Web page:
Heritage

Digital Heritage Moment: Cumberland Gap

Cumberland Gap

George Caleb Bingham’s depiction of Daniel Boone escorting settlers through the Cumberland Gap. Courtesy Kemper Art Museum, Washington University.

The Cumberland Gap is an important geographical feature that shaped Southern Appalachia’s history. This V-shaped low pass through the Cumberland Mountains became an important route for western settlement and commerce from northeastern Tennessee and southwestern Virginia into Kentucky. First used as a hunting and trading path by Native Americans, it was widened by Daniel Boone into a rough track in 1755 that became known as the Wilderness Road. It was a crucial military objective during the Civil War. In 1908 a hardtop road was built through the Gap; in 1996 the road was improved to a four-lane highway with a tunnel. The Gap became part of Cumberland Gap National Historical Park in 1940 and today attracts many visitors who enjoy its displays of natural and cultural history.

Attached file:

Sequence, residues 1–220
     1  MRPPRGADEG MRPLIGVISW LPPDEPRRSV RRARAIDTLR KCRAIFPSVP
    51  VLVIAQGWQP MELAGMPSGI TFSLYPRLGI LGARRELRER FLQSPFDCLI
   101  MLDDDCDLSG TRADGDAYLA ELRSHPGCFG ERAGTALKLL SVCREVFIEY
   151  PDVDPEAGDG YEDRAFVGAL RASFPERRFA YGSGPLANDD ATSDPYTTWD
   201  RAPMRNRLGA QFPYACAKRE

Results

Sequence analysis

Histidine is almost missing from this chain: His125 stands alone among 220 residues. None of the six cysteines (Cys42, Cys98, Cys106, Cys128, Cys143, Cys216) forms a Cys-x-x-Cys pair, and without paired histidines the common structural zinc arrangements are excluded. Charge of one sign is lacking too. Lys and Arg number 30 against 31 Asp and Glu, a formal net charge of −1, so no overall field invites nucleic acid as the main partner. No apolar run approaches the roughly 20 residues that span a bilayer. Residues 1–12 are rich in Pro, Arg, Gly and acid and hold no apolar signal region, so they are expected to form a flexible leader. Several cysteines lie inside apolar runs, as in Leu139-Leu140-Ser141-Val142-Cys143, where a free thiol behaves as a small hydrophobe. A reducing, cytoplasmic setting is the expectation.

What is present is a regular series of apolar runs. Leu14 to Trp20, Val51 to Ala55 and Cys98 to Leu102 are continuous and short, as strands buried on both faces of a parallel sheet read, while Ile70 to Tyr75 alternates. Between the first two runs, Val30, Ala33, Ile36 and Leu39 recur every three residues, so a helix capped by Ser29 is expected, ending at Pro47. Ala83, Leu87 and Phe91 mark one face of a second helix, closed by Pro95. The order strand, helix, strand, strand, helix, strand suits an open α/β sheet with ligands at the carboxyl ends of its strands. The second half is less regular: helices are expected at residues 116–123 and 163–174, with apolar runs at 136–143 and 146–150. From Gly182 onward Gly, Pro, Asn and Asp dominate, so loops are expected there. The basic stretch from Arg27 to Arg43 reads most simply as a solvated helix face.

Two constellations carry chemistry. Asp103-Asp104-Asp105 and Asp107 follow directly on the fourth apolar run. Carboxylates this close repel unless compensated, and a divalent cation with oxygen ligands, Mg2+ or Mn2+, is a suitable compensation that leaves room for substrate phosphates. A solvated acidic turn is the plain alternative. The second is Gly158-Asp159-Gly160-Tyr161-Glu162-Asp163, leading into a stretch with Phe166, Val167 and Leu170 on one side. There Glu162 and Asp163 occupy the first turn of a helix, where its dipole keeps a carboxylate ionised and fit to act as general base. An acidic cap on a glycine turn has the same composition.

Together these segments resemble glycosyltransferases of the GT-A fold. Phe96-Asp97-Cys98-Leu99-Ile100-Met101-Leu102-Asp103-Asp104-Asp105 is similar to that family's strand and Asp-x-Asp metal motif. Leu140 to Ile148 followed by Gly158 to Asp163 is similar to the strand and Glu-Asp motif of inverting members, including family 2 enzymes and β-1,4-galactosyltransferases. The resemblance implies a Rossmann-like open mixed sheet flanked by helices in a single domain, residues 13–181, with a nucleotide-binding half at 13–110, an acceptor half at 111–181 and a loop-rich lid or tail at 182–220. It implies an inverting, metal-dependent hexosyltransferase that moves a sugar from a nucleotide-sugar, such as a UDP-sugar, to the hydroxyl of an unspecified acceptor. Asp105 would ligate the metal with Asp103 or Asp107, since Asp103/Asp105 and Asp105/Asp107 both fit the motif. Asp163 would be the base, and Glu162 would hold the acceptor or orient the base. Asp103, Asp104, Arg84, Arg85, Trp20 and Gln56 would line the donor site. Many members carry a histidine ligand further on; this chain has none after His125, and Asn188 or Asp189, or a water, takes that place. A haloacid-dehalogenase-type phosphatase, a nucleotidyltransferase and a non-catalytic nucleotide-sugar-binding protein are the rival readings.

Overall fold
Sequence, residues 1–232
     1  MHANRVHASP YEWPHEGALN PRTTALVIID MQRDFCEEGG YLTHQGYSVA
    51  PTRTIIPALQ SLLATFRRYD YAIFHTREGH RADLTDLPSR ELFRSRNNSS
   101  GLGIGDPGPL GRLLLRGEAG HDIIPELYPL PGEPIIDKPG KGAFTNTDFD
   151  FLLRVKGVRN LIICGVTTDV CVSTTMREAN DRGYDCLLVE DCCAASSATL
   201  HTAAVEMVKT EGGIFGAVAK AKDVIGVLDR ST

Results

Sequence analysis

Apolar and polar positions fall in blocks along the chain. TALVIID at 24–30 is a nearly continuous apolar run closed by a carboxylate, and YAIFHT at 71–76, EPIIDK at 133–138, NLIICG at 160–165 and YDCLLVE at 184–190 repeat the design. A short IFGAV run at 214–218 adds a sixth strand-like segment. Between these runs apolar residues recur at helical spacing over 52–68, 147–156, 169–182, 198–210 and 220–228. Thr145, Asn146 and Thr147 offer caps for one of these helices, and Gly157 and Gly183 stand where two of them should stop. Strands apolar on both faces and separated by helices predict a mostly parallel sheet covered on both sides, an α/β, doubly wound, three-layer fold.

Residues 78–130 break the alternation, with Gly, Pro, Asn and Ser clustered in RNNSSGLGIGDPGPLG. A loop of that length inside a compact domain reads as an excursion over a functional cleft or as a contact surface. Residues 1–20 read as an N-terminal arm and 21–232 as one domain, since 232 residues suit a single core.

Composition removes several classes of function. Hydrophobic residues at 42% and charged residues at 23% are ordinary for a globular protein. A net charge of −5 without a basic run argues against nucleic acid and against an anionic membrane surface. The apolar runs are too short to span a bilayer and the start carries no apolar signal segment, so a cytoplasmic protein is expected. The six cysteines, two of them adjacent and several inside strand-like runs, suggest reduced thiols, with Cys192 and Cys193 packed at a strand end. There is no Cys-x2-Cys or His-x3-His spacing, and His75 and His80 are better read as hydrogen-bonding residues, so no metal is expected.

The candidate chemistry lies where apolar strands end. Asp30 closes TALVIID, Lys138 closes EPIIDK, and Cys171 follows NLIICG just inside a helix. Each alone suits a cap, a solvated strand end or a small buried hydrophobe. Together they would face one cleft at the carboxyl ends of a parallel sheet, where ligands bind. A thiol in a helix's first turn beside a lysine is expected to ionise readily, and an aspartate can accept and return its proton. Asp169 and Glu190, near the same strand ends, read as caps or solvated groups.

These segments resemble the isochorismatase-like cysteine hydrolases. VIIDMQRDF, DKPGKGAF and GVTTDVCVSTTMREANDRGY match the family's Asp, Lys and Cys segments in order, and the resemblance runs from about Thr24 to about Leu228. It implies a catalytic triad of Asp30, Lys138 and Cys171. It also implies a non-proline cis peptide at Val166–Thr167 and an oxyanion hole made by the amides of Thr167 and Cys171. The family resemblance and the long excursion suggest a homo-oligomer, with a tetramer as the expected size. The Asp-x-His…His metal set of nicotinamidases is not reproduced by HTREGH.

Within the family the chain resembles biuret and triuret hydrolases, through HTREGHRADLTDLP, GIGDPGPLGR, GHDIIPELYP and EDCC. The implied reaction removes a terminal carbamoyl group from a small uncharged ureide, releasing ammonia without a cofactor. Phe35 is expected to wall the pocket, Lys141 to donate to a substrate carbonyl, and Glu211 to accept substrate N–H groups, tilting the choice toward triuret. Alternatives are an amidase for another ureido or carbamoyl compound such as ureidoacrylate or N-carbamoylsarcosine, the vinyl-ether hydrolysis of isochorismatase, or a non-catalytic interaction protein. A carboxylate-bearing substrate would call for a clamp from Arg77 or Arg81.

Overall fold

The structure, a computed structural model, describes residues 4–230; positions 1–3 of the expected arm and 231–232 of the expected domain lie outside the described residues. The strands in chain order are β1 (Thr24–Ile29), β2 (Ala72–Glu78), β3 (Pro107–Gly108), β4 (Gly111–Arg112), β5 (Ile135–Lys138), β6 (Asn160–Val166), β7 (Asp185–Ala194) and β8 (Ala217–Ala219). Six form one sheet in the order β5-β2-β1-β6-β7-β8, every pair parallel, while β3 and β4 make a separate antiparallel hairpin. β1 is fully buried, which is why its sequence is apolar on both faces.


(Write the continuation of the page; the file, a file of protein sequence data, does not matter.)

Digital Heritage Moments are produced at Western Carolina University in Cullowhee. To learn more, visit digitalheritage.org. You may also hear Digital Heritage Moments each weekday on radio stations WKSF-FM, WWCU-FM, WMXF-AM, WPEK-AM and WWNC-AM.

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